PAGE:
x Abu Dhabi, UAEFriday 19 January 2018

Wasted dreams

In Rabih Alameddine’s haunting new novel, an elderly, misanthropic translator toils away at a pointless job, Fran Hawthorne writes.

Beirut is the setting for the Lebanese-American author Rabih Alameddine’s new novel An Unnecessary Woman. Celia Peterson
Beirut is the setting for the Lebanese-American author Rabih Alameddine’s new novel An Unnecessary Woman. Celia Peterson

“Amid the proliferation of unsightly buildings, this crumbling Ottoman house with its triple arcade and red tile roof stands out as starkly as a woman in parliament … Encroached upon by bigger, taller, mightier armies, it is poor, infirm, weak, and despised, but, unlike Lear, it remains defiant, remains regal, probably till the end.”

Like this street scene, both the Beirut setting and the title character of An Unnecessary Woman, the haunting new novel by the best-selling Lebanese-American author Rabih Alameddine, evoke the image of wasted dreams.

The “unnecessary woman.” Aaliya Sohbi, is a divorced, childless, lonely and cranky 72-year-old intellectual, puttering around a threadbare flat. She is the ultimate outsider, with no place in either traditional Muslim culture or in Beirut’s glamorous, international social scene.

Even Aaliya’s vocation is basically pointless. She translates books that are never intended for publication. The manuscripts pile up in her flat, 37 books over the past 50 years, each in its own sealed box, filling the unused maid’s room and spare bathroom.

Not only that, but her translations are actually translations of translations, rather than translations from the original text, which is to say that they are alienated from their own roots. That is because of Aaliya’s own linguistic limitations and the strict rules she has set for herself. She will only translate into Arabic the pre-existing English and French translations of books first written in other languages. Her rigidly ordered, if empty, life is abruptly jolted when her “half brother the eldest” arrives at her flat with their senile mother and two suitcases, demanding that Aaliya allow the mother to move in with her. Aaliya refuses and, with the help of her landlady, Fadia, manages to push away the brother and mother. Nevertheless, the dual intrusions – by both the brother and Fadia – have literally forced open the door of Aaliya’s life.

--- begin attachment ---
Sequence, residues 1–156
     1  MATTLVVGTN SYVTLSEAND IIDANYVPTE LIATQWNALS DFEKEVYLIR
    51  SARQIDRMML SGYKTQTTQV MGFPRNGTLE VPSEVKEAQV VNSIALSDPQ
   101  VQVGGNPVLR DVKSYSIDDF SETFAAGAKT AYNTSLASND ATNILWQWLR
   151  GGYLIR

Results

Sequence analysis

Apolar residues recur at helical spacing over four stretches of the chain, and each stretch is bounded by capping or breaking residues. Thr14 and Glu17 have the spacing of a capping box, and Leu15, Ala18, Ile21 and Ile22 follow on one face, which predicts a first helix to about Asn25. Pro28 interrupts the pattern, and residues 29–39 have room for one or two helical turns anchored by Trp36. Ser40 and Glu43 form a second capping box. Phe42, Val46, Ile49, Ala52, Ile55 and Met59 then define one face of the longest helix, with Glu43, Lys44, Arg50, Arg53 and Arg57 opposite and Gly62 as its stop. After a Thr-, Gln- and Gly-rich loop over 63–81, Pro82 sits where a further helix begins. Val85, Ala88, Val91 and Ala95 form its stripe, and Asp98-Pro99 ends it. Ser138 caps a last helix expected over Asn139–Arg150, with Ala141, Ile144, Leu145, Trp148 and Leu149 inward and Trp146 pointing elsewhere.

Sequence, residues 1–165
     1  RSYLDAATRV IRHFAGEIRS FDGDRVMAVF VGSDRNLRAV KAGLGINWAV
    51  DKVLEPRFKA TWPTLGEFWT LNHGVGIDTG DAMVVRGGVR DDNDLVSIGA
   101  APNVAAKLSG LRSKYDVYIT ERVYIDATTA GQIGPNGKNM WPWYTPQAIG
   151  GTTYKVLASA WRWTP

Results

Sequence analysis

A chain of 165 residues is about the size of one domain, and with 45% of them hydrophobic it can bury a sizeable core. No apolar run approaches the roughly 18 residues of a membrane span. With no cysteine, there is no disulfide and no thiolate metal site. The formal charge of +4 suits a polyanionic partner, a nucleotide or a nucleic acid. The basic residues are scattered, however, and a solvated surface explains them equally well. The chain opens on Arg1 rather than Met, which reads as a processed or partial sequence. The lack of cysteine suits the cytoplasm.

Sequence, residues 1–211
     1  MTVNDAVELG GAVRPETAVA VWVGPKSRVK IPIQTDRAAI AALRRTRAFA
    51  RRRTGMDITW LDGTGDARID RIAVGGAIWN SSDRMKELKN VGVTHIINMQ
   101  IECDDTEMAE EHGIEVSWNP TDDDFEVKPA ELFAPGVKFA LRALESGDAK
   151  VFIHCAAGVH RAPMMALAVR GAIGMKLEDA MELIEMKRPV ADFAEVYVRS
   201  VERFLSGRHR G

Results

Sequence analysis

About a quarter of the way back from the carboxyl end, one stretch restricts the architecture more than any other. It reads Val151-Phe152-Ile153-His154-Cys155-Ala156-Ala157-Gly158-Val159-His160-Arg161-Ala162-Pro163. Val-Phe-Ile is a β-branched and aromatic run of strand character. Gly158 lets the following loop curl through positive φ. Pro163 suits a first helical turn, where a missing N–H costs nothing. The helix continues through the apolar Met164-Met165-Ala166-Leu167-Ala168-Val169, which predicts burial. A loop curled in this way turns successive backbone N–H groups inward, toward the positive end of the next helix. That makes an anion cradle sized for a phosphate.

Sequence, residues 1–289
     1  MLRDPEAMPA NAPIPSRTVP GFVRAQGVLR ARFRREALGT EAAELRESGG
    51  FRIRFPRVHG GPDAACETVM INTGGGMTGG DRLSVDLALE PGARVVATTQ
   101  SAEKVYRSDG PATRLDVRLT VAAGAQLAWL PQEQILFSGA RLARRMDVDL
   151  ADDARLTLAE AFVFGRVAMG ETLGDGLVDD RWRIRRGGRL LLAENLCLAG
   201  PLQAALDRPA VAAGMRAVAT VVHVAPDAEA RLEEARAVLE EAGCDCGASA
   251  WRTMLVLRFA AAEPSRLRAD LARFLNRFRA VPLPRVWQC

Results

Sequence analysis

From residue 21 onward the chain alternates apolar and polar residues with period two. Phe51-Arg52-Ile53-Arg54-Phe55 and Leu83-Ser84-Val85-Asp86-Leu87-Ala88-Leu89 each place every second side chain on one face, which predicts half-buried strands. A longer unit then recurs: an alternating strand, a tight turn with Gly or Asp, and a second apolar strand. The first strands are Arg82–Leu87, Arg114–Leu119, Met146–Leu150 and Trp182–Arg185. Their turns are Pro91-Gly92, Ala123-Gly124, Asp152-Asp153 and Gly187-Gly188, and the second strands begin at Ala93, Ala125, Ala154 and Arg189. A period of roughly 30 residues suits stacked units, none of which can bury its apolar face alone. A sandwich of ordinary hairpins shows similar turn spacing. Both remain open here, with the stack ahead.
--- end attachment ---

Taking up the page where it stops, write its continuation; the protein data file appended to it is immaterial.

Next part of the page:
For half a century, Aaliya supported herself by working at an “unnecessary” job that she loved, as a clerk in a bookstore that rarely had paying customers, until it finally closed down four years before this novel begins. With the loss of that job and the death of her sole friend, Hannah, Aaliya essentially walled herself off from humankind.

She doesn’t particularly care for computers, mirrors, herbal tea, children, multi-tasking, Iranians, Americans, Italians and Arabs in general. “Well,” she admits, “most of the time, I’m not fond of people.”

According to her strict system, Aaliya must start a new translation on New Year’s Day, seated at a big oak desk that she has salvaged from the bookstore, in the following sequence: “I place the new notepad, next to the pencils, next to the pens. I unscrew the primary pen, an old Parker, and inspect the ink.”

What does melt Aaliya’s heart are music, art and, most of all, books. This book is a paean to books, filled with references to and quotations from a rich range of great world literature, from Kant and Kafka, Nabokov and Conrad, Proulx and Welty, Rilke and Dostoevsky, Beckett and Flaubert, and especially the Portuguese poet and translator Fernando Pessoa. Aaliya analyses, argues with, compares, disdains and cherishes her authors and their books. As she says, “I know Lolita’s mother better than I do mine.”

In a book such as this one, focused on a misanthrope with a boring life, there is a risk that the book itself will be boring. Alameddine – author of the best-selling 2008 novel The Hakawati – escapes that danger in part through his beautiful writing, particularly in summoning up a Beirut where the memories of the 15-year civil war are ever-present.

Aaliya’s narrative voice – sharp, smart and often sardonic – also saves the book from bleakness. As she leans over to pull on her socks, with her ageing body perennially at the back of her mind, she notes wryly that she feels “every vertebra crack in order as if in a roll call: C1, here; C3, present; T4, yes; L5, I’m here; coccyx, ouch, ouch.”

Because of Aaliya’s devotion to literature, some critics have said that this novel is an homage to books. But the real homage is the ability to create characters with words that capture and draw in the reader. In that way, An Unnecessary Woman is indeed an homage to literature.

Fran Hawthorne is an award-winning, US-based author and journalist who specialises in covering the intersection of business, finance and social policy.